Healthier and wealthier but lonelier?

Published 16 March 2013  |  
PA

How are you today? Are you healthier and wealthier than you were a few years ago? The latest statistics from the UK's General Household Survey suggest it is quite likely that you are.

You may well be healthier than you were because the survey – compiled by the Office of National Statistics – shows that "prevalence of cigarette smoking among adults has fallen from 45% in 1974 to 20% in 2011". At the same time, "the proportion of men and women drinking on five or more days a week fell from 23% of men in 1998 to 16% in 2011 and from 13% to 9% for women."

We are also, as a nation, much wealthier too. The figures show that since 1972, the proportion of households with a telephone has increased from 42% to almost all households (including mobile phones); the number with washing machines has risen from 66% to 96%; and the share of those with central heating has gone up from 37% to 98%. The percentage of homes with computers has increased from nine per cent in 1984 to 80% in 2011.

Yet while our material wealth has increased, has the quality of our relationships decreased? The proportion of one-parent families has tripled – from eight per cent in 1971 to 22% in 2011. And the proportion of adults living alone virtually doubled between 1973 and 2011, from nine per cent to 16%. Across the span of the survey's four decades, the proportion of older people aged 75 and over living alone has remained fairly constant at about half the total. It turns out that the increase in one-adult households has come about because people aged 25-44 are five times more likely to live alone (10% in 2011) than in 1973 (two per cent).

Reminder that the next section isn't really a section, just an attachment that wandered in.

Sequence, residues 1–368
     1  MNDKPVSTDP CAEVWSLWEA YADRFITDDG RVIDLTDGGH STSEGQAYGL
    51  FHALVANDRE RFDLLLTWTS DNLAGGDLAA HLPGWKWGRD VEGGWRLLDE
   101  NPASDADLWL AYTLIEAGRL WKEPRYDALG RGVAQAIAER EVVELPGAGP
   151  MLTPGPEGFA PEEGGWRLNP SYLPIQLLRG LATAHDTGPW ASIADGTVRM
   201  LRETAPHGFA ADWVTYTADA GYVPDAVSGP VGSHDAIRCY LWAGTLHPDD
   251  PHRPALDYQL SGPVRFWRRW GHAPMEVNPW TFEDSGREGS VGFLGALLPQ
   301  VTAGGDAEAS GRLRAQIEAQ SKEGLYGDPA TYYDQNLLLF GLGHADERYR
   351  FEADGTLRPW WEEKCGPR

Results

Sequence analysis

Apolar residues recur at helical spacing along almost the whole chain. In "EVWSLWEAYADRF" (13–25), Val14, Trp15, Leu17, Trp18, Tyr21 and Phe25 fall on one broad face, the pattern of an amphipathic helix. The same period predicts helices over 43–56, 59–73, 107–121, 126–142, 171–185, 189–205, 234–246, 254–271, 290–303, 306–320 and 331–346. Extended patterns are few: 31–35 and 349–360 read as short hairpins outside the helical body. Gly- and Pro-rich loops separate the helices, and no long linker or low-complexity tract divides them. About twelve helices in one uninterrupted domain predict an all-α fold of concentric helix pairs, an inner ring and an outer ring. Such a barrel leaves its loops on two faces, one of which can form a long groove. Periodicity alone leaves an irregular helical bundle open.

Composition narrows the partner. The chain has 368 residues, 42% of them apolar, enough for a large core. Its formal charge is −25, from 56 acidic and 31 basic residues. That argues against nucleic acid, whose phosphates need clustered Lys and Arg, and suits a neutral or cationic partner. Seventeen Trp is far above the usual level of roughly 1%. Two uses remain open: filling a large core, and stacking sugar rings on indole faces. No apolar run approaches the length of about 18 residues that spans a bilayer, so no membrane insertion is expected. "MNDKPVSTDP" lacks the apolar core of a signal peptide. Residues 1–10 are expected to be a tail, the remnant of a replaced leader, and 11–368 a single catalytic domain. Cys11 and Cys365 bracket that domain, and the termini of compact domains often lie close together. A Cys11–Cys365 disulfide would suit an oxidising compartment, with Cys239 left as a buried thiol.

It is easy to look for the negative in these various figures. Yet from a Christian perspective we can surely rejoice that people are generally looking after their health better: this is surely good stewardship of the bodies made in the image of God that He has given us. We can also, I think, be pretty positive about the many great household appliances that we enjoy: we have it much, much easier than our parents and grandparents in terms of the simple day-to-day responsibilities of running a home. Let's be thankful!

It's also easy to see the increase in the proportion of adults living alone as a wholly negative thing indicating a growing isolationism and individuality in people's lives. There must, though, be some who have chosen to live alone rather than with others – and with the rise in computer and phone use, ways of staying in touch have never been easier or cheaper.

What the figures do seem to suggest is that the way people are forming relationships is less structured, more flexible and more fluid than in the past. This, of course, carries its dangers: for example, as Christian writer Barry Cooper has written recently, online dating "encourages us to become never-satisfied consumers of relationships, always looking to upgrade". He asks: "Might the intoxication of choice lead to the death of commitment—and contentment?" So how can we encourage contentment in healthy, flourishing marriages?

At the same time, the rise in the number of single parent households also indicates the huge burden being carried by many solo mothers and fathers: how, I wonder, could churches be better in supporting, helping and equipping such people? Many churches offer parenting courses, but are there any aimed specifically at single parents? And do they offer appropriate childcare and perhaps a free meal so that such men and women can actually get there?

In a nutshell: how can we be salt and light in this society?

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